We studied the correlation between SUV change (ΔSUV) with BPL as a function of the initial SUV using a Bland-Altman analysis and the correlation with the initial volume with a scatter plot.

In complement to the quantitative analysis, we realized a blind evaluation of detectability and image quality of lung lesions. To that end, we used a random subset of non-CT-fused 2D OSEM and BPL PET images showing each lesion twice (OSEM and BPL) but not consecutively allowing a paired statistical analysis (for BPL, b350 was chosen as a trade-off between a CRC increase and noise limitation). All these images contained the whole lungs and the observers were informed of the presence of a lesion on each slice. Ten senior nuclear medicine physicians from two centers evaluated (1) the detectability of a lesion asking if a lesion was considered visible (binary answer) and (2) the overall quality of the image, considering contrast, SNR, and background noise level. The quality was ranked with a 5-point Likert-like scale (1, uninterpretable; 2, poor; 3, correct; 4, good; 5, excellent). All the images were evaluated in one session and there was no waiting period between different images.

For the detectability analysis, we calculated for each PET/CT exam and reconstruction, the total number of lesions detected by the 10 observers.

For the image quality analysis, we calculated the total score attributed by each observer (with a maximum score of 5/5 per image). Then, we measured the total quality score for each reconstruction and for each observer independently.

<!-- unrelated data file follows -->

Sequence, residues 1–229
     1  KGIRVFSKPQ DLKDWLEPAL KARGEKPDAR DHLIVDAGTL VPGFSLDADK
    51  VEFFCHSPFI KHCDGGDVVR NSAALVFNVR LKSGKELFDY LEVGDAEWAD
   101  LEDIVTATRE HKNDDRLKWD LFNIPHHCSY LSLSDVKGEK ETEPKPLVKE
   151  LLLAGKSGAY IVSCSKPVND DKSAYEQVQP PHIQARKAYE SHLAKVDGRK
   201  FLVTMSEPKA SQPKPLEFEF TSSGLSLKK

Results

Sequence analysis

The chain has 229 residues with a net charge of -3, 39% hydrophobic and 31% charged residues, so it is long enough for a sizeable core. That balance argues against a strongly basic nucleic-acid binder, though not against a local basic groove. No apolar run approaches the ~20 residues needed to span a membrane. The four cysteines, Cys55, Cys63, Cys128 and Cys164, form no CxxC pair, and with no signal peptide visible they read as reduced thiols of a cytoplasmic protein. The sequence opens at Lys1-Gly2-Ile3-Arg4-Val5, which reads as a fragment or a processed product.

Statistical analysis

We compared the phantom quantitative data (ΔSUVmax, ΔSUVmean, and ΔCRC) and hypoxic volumes using a Wilcoxon paired ranked-sum test. For the clinical analysis, we compared OSEM and BPL quantitative parameters (SUVmax, SUVmean) using a Student paired t test. p values less than 0.05 were considered statistically significant.

Detectability results were compared using a Cochran’s Q test. The comparison of lesion detectability between OSEM and BPL reconstructions was evaluated by calculating the kappa coefficients for each observer. The results of the image quality comparison between OSEM and BPL reconstructions were represented in contingence table and evaluated by calculating weighted kappa coefficients for each observer.

All graphs and plots were realized with MedCalc and Excel 2010.


Phantom evaluation